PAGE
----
Aquinas on Transubstantiation : The Real Presence of Christ in the Eucharist
Aquinas on Transubstantiation treats one of the most frequently misunderstood and misrepresented teachings of Thomas Aquinas - Eucharistic transubstantiation. The study interprets Aquinas's teaching as an exercise of "holy teaching" (sacra doctrina) that intends to show theologically and back up philosophically the simple yet profound thesis that "transubstantiation" affirms nothing but the truth of Christ's words at the Last Supper - "This is my body," "This is my blood."
Yet in order to achieve a contemporary ressourcement of this simple yet profound truth, it is necessary to probe the depths of Thomas Aquinas's philosophical interpretation of it. For Thomas Aquinas, in regarding the truth of Eucharistic conversion, it is faith that preserves the human intellect from missing or dismissing the mystery announced in Christ's words. Faith, however, is not intellectually blind, a faith that, as is often erroneously held, is commanded by arbitrary divine dictates to which the will submits in blind obedience. Rather, Aquinas takes faith is sustained, but not constituted, by an intellectual contemplation of the proposed mystery of faith, by faith seeking understanding.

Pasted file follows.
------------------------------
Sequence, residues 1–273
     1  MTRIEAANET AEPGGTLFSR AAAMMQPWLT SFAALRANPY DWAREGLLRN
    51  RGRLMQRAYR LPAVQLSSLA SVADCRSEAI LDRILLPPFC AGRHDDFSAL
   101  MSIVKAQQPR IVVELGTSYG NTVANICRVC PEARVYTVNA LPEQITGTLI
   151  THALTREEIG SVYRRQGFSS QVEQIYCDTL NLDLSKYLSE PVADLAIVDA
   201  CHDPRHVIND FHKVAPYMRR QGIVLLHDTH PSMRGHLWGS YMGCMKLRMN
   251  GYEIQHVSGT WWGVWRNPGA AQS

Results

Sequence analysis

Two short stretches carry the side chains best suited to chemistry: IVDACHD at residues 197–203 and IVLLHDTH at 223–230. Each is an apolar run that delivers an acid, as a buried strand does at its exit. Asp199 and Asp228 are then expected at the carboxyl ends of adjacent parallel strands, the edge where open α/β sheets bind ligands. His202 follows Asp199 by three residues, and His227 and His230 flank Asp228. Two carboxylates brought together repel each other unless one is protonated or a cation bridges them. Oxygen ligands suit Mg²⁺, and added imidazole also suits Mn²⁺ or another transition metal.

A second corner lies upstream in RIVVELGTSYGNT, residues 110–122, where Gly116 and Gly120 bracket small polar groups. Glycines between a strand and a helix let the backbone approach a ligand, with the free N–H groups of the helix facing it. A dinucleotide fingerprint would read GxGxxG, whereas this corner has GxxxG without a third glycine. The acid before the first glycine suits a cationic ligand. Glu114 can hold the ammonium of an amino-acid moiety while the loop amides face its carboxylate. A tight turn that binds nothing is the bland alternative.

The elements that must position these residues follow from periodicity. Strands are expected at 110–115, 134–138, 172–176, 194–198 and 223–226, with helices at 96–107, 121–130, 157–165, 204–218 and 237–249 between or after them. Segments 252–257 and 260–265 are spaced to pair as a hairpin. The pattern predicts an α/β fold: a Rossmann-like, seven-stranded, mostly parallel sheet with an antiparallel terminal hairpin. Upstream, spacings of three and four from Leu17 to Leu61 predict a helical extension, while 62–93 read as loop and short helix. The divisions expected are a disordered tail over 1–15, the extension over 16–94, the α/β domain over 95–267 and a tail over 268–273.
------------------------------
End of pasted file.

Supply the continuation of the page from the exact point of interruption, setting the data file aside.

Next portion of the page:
Thomas Aquinas unfolds this exercise of understanding guided by faith in the medium of a metaphysical contemplation that affords a profound intellectual appreciation of this central mystery of faith - precisely as mystery. Thomas's metaphysical contemplation of Eucharistic conversion gestures toward the blinding light of superintelligibility, experienced as the unique darkness that surrounds this sublime mystery of faith.
A ressourcement in Thomas Aquinas's doctrine of transubstantiation also affords a renewed appreciation of the Church's affirmation of transubstantiation as the most apt term for the interpretation of the mystery of Eucharistic conversion and a greater precision of what is centrally at stake in this mystery in the ongoing ecumenical conversation of this most central Christian teaching. A doctrinally sound, ecumenically informed, and philosophically reflected contemporary Catholic theology cannot afford to ignore or dismiss Aquinas's surpassing account of Eucharistic conversion.